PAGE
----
The Lagos Chamber of Commerce and Industry (LCCI) on Tuesday expressed fears about the fate of the nation’s manufacturing sector and indeed the business community this year, following the ongoing austerity measures proclaimed by government.
As a result of the austerity and monetary policy measures being undertaken so far, especially following the devaluation of the Naira in November, LCCI warned that inflation rate could cross the double-digit market in the first half of the year.
Consumer Price Index, which measures the rate of inflation in the country, eased to 7.9 per cent in November 2014, from 8.5 per cent in August, according to the National Bureau of Statistics (NBS).
The LCCI’s Director General, Muda Yusuf, said “many firms are already feeling the heat across all sectors as a result of naira exchange rate depreciating by over 11 per cent in the interbank market and over 12 per cent in the parallel market making the operating cost of firms very profound, even at the beginning of this year.”
Yusuf, who spoke during a review of the economy in 2014, lamented further: “Our concern is that the combined austerity measures of the government and tighter monetary policy would put additional pressure on consumer prices, and so, we expect inflation rate to cross the double digit mark in the first half of this year.”
On the risk of payment default by the Federal Government, Yusuf noted that with declining revenue, the risk of default in payment for jobs executed for government agencies would be higher in the short term.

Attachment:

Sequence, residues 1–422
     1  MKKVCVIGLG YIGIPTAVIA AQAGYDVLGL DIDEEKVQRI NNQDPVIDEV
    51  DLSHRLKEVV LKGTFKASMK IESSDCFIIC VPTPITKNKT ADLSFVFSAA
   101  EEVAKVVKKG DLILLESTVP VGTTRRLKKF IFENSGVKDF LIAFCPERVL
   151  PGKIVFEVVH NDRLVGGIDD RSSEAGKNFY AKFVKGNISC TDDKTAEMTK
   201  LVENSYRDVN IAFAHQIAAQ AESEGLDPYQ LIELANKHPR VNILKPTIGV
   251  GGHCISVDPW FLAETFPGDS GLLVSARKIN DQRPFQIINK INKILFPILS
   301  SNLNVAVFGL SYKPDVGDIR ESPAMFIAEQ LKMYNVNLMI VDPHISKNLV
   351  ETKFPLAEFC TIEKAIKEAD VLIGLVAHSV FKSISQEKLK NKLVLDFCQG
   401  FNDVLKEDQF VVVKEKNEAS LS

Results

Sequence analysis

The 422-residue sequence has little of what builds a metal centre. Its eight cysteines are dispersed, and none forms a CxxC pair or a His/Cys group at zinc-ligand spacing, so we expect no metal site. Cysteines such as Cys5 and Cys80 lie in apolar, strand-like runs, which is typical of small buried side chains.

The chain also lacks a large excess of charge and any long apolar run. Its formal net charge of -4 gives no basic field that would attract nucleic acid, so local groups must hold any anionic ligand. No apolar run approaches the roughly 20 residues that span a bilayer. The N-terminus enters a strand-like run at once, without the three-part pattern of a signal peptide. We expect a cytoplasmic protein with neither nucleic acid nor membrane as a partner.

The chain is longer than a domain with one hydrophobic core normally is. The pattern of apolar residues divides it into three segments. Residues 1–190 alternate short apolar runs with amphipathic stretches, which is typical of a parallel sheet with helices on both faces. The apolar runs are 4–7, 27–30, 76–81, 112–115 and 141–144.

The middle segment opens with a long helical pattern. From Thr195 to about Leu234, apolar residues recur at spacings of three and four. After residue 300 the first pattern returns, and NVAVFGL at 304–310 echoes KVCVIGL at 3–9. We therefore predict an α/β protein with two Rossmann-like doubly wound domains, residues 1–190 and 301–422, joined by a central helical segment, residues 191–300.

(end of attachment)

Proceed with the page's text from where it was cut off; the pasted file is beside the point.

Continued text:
“This situation calls for cautious engagement with government contracts at all levels of government because as government revenue contracts, the capacity to meet financial contractual obligations in 2015 may be difficult,” he claimed.
“Already, some MDAs and state governments are having difficulties in the payment of workers’ salaries as many of the states are also currently servicing debts having raised funds in the capital market,” he said.
The chamber, Nigeria’s oldest, expressed worries over the continuous crash in the price of crude oil at the international market, warning that the optimistic oil benchmark of $65 adopted for the 2015 National Budget might be plagued by more projection risks in view of the fact that oil price is already trending below $60.
He noted that as a result of the import dependent nature of Nigeria’s economy, the sharp decline in exchange rate has naturally pushed up the operating cost of enterprises in the economy.